Greenpeace launched Nuclear Meltdown: A message from the darkness, an advocacy comic book about the perils of nuclear power and how the youth can make a difference in making the world a better place.
Nuclear Meltdown was launched at the Ozine Fest '09 ongoing from 3 to 5 April 2009 at Megatrade Hall 2, SM Megamall, Mandaluyong City. As part of the comic book launch, Greenpeace is giving away electronic copies of the comic book, promotional pins, as well as limited edition comic book CDs during the event. The comic book is free and can also be accessed through the Greenpeace website at www.nukes.greenpeace.org.ph.
The comic book was developed by Indonesian artists with storyline by Greenpeace Southeast Asia Nuclear Campaigner Tessa de Ryck. In the story, two teenagers, Cosmo and Luna, go back in time to the year 2009 in a race to save the planet from the devastating effects of climate change and nuclear power.
Preview the comics
Click here to download The comic book also acquaints young readers with climate change-the number one threat facing our planet today, as well as the United Nations Climate Change meeting to be held in Copenhagen in December this year. Nuclear power is the most dangerous and expensive source of electricity. Greenpeace asserts that renewable energy-not unsafe nuclear power-is the solution to global warming.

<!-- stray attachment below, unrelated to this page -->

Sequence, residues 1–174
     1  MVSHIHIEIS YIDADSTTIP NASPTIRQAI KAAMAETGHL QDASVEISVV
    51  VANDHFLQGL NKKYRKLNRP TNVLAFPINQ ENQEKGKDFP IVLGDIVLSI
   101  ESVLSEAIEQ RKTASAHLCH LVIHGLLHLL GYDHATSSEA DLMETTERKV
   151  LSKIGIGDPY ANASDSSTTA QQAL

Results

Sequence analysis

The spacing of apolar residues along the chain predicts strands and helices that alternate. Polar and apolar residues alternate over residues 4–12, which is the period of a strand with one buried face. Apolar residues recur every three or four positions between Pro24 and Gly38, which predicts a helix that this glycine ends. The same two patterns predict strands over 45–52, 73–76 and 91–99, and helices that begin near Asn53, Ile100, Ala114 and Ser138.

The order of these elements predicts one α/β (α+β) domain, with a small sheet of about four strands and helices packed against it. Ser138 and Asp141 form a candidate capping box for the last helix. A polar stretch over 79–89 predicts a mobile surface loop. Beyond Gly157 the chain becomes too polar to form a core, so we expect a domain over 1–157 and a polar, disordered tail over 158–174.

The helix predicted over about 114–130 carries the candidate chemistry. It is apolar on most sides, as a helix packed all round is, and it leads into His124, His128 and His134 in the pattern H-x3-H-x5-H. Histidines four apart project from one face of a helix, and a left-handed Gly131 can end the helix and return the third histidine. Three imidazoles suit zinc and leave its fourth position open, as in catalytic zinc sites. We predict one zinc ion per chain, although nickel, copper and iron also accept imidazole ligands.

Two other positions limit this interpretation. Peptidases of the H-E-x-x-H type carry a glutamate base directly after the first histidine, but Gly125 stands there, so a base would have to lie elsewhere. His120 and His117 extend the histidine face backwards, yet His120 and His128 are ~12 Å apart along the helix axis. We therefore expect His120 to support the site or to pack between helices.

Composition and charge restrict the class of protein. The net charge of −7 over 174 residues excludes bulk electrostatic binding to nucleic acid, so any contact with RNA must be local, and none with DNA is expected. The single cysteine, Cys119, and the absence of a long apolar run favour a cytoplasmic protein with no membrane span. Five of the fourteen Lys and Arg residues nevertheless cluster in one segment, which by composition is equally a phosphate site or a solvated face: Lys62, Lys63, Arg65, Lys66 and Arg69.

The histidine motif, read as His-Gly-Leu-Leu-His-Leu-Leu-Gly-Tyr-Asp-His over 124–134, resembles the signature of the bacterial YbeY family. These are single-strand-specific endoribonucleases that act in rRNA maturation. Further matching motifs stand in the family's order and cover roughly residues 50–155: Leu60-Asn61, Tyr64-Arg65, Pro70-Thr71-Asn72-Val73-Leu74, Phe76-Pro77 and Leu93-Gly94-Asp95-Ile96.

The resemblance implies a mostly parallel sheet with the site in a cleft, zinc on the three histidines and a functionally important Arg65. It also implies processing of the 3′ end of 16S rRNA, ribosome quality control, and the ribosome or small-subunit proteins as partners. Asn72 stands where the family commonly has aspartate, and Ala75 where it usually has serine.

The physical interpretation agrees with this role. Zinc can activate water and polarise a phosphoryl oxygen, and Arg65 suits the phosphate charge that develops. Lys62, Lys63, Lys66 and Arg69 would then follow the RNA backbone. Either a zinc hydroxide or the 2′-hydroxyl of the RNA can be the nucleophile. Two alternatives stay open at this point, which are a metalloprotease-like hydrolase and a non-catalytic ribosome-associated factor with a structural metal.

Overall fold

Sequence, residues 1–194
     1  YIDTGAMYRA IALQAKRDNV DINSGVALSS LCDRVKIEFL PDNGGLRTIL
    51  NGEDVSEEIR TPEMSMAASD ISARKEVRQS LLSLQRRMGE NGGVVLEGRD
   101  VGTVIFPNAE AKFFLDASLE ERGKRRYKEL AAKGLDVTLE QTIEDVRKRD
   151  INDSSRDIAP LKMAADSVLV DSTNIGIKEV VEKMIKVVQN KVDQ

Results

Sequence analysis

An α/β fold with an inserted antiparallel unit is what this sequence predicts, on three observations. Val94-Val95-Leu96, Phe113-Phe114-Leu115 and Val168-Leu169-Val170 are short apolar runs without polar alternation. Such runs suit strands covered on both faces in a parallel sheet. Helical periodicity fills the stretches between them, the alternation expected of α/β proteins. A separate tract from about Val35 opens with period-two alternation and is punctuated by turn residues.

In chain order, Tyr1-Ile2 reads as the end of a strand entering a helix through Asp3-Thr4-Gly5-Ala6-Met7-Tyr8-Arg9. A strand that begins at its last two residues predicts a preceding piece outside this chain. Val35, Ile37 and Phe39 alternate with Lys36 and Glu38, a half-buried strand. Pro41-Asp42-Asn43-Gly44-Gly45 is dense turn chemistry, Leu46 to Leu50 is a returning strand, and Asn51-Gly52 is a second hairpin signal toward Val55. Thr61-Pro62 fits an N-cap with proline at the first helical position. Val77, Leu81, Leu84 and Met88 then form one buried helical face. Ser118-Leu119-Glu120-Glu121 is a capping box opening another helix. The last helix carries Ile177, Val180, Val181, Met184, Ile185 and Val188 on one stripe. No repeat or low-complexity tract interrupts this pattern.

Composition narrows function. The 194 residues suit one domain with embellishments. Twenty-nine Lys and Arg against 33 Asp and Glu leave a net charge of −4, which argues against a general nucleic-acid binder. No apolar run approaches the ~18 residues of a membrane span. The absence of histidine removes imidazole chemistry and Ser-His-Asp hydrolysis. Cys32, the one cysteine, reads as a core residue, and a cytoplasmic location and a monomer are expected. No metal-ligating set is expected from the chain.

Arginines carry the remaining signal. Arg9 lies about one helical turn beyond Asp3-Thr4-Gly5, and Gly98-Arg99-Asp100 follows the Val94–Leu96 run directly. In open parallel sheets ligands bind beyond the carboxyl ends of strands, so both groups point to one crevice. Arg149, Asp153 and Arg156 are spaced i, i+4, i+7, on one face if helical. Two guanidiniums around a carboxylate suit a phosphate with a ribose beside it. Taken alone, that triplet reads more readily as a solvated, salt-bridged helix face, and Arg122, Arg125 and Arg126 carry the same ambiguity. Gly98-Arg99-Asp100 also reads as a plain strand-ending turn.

"The youth will be the ones most affected by the impacts of nuclear power and climate change if the Congress's nuclear power proposal pushes through. With the launch of Nuclear Meltdown Greenpeace is reaching out to the Filipino youth with the message that they have the power to change the world and prevent this from happening. Today's generation of young people are the defenders of the planet's future," said Greenpeace Southeast Asia Public Outreach coordinator Francis dela Cruz
Greenpeace stands for positive change through action to defend the natural world and promote peace. We are a non-profit organization with a presence in 40 countries. To maintain our independence, Greenpeace does not accept donations from governments or corporations but relies on contributions from individual supporters and foundation grants.